I think some of the scientists who went down the rabbit hole in quantum physics, saw the truth and some of these theories, especially the Upanishads Upanishads, are the scriptures from which these statements were made. They are part of the Vedas, which are the scriptures of the Hindus. So Schrodinger, for example, a quantum physicist, you know, he said, the one one constellation of my life has been reading open ocean. And he found a great resonance with the the philosophers of their time. Yeah, they were doing different things. They were engaged in different pursuits. One, right one was the one group was trying to figure out the happiness equation. And Schrodinger was just trying to figure out, you know, the world. Yeah, but then he found a lot of common ground. I think that that’s a very revealing in the sense that science is about making life convenient. But life has to be worth living in the first place. No, that is not a primary consideration, right? The first life has to make sense, then we come to the convenience part. Religion makes of life worth living. I mean, practice properly, and that that’s what religion sort of gives us when I say religion, spirit, I mean, spirituality, religion all as this, I don’t believe them to be separate things. I think they are the same thing. And so there is no, you can have a very convenient life to date on happiness. That’s not what we are shooting for. Right? So I don’t see these two as adversaries. Rather, I think it’s somebody says you had to pick between science and faith, I would say you’re giving me a false choice, you’re putting me in a very difficult position. I don’t want I don’t see myself as having to choose between the two. And they have their context, in my life. So you know, yeah,

Brian Smith 12:47
there’s confusion about what science is, because a lot of people call science is actually materialism. You know, science. And I say this all the time, and people are getting sick of me to hear me saying that science is a method. Science is a methodology, it should not be a philosophy. And it’s not there to tell us everything I love the way you put that science is not here to make us happy. It’s here to make life convenient. But meaning is what makes us happy. You know, knowing who we are is what makes us happy. And we kind of talked about this, you know, last week, and if we don’t, if we don’t figure out why we’re here, if we don’t figure it out purpose, if we don’t figure out who we are. And when I was in Sunday school, one of the brilliant things they said was, everybody’s made with a god shaped hole. And they were talking about the guy, the guy sitting on the throne. But I think that was a brilliant observation. As human beings, we’re always seeking to fill that that void that we have in us, who am I Why am I here? What’s my purpose? and science doesn’t answer any of those questions.

Srini Chandra 13:46
Right? I my thoughts on this will evolve over time, I’m confident because I feel like some of them have come up in my mind off late. So I will caveat, before I say this. My observation, at least of myself, is that a few rules a lot of what we do. You know, it is and these these are all different manifestations of something. Fundamental fear is one major manifestation. So what I mean by that is when I’m happy, I fear that I’m going to lose my happiness. The immediate reaction is, oh, I shouldn’t be so happy I should be no, I have no business being so happy and something’s going to happen here. So we live in this fear, and in it destroys our ability to be happy. And it’s a very human thing to do. So the question sort of becomes, what is it that you know, how do I overcome this fear? And how do I know I’m going to be okay? Yeah, yeah, we want to know, am I gonna be okay? Yeah, I mean, when I say I, it’s like, you know, are we gonna be okay? And the answer is yes. So this there is some faith aspect to it to say believing I am going to be okay. And to to be able to sort of live that belief requires some training and practice. This is what our religions teaches, right? Yeah. They say it in different forms, God is going to take care of you. Or you know, Buddha says, you know, control your mind, will it like an instrument, just like how you drive a car to your mind? When you get on top of it, you’ll be okay. So they all said it in different ways. But depending on whichever path is easier for us, we can take that and but I think the bottom line of learning there is no, we are going to be okay. And we have to believe that.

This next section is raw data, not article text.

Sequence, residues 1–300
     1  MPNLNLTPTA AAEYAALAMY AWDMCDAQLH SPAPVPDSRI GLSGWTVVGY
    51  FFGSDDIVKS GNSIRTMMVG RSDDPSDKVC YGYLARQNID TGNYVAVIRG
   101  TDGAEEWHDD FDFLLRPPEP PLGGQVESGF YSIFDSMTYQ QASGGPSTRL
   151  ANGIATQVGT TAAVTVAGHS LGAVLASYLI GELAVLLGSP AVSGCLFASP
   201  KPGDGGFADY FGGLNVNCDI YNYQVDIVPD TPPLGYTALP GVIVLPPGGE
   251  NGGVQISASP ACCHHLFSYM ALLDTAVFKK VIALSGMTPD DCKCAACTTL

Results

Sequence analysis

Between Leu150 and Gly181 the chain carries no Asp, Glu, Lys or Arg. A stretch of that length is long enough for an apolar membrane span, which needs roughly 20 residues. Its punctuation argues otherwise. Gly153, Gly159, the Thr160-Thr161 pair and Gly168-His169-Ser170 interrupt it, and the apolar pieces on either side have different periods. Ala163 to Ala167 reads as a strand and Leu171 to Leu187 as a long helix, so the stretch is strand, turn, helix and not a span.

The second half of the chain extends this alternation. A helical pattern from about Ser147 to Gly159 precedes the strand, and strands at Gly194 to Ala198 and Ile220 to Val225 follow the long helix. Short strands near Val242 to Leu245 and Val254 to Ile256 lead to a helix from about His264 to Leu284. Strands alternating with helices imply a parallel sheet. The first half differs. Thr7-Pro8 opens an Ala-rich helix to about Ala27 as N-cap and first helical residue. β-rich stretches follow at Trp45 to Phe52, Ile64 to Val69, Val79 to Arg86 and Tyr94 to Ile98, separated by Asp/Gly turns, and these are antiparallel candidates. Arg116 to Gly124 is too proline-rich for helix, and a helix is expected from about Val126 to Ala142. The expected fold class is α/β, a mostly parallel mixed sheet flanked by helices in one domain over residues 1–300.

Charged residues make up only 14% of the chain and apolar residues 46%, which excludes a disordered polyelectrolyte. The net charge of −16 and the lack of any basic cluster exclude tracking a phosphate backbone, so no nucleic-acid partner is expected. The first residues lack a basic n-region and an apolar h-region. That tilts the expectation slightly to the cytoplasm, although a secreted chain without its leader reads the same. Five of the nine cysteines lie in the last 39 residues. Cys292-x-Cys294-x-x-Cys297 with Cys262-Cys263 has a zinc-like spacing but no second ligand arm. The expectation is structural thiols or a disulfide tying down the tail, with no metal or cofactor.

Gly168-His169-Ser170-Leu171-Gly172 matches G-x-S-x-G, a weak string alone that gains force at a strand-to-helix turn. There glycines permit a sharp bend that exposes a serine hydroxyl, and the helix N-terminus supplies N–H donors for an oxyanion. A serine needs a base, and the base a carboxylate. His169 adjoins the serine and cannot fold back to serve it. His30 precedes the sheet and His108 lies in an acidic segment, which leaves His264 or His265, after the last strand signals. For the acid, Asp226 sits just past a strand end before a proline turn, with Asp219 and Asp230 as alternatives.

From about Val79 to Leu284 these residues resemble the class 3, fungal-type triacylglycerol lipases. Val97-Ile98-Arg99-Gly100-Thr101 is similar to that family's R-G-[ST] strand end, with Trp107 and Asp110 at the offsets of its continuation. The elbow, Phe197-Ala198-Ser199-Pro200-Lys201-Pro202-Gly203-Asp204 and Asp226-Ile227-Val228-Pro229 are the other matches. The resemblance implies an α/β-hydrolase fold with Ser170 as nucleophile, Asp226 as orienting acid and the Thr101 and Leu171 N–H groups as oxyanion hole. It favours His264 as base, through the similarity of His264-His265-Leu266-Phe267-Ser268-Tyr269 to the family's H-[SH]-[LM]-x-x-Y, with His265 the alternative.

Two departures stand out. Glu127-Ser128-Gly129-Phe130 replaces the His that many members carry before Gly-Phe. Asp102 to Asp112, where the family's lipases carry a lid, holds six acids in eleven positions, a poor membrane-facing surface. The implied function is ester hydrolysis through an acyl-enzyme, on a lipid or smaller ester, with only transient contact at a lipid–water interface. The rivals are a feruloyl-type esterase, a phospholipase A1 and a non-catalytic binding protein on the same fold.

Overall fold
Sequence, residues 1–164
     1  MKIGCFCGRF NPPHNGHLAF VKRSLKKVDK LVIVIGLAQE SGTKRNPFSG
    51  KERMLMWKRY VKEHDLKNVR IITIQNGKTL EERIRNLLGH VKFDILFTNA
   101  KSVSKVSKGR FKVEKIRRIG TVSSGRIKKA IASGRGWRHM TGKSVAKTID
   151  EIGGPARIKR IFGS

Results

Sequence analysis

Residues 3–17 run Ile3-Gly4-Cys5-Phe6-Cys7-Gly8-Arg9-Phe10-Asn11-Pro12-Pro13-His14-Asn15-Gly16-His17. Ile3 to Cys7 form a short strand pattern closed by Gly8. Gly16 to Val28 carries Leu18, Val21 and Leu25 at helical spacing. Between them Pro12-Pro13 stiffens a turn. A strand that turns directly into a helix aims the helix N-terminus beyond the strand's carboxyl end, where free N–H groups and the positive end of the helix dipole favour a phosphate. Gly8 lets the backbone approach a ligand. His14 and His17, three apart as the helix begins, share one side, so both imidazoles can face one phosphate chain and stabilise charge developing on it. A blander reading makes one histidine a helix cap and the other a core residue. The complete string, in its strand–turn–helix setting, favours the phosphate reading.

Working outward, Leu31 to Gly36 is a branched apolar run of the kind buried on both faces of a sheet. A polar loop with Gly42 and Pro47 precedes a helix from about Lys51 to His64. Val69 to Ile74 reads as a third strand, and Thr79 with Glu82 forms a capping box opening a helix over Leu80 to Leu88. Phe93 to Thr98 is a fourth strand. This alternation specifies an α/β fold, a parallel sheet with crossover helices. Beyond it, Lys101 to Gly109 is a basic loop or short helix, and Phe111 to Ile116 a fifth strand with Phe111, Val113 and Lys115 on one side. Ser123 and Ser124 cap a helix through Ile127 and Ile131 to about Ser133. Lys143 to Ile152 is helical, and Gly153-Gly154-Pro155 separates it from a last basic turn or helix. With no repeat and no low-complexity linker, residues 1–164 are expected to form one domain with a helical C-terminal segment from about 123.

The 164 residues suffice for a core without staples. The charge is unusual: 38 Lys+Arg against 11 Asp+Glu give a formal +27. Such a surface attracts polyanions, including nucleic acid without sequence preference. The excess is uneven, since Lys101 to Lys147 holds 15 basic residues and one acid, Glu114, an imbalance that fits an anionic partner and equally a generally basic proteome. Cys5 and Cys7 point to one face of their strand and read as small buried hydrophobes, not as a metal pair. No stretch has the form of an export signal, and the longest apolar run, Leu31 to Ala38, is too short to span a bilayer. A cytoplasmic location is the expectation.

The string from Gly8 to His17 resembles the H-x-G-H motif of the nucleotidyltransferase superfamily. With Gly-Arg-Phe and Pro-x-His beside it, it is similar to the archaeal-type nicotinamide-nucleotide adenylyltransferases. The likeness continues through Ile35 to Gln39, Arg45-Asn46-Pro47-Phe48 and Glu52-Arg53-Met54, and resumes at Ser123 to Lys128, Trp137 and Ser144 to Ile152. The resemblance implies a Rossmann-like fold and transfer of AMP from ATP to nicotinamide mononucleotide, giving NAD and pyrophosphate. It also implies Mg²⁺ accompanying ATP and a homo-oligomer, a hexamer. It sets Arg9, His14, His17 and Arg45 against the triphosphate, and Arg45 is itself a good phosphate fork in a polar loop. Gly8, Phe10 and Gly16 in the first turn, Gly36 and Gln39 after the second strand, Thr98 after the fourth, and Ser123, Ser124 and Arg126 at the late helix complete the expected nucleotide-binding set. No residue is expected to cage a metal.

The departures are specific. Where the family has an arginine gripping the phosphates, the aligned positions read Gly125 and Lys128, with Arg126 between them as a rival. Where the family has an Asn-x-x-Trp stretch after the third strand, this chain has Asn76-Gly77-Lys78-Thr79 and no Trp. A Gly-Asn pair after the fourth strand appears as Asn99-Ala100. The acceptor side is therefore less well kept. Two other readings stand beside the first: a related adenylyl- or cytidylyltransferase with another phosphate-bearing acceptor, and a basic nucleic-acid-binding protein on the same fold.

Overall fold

Brian Smith 15:41
Wow, that was, yeah, that was so brilliant. You’re right. That is the ultimate question that we always have. Are we going to be okay? Am I going to be okay? You know, and, and it doesn’t mean that we’re going to have a carefree life, it doesn’t mean that we’re never gonna have any trouble. But we know that we’re going to be you know, okay. And yeah, and I think that’s, that’s right, you know, religion and spirituality. That’s what gives us you know, that that faith, that that peace, that comfort, that, you know, if I know that I am divine, if I know that I am eternal. If I know that everything will pass, you know, the good and the bad, you know, you’re right. When we’re happy, we’re worried about, well, how long am I going to be able to hold this, but when we get this broader perspective, you know, the way I look at it is like when I’m I’m having a good moment, or a good thing, I cherish it even more, because I know that it’s not going to last. But if I’m going through a tough time, I’m like, I know that’s not going to last either. And that gets me through the tough times. So this, this we can make time this temporal existence our ally, and know that that which I came from, I will ultimately return to no matter what happens between here and there.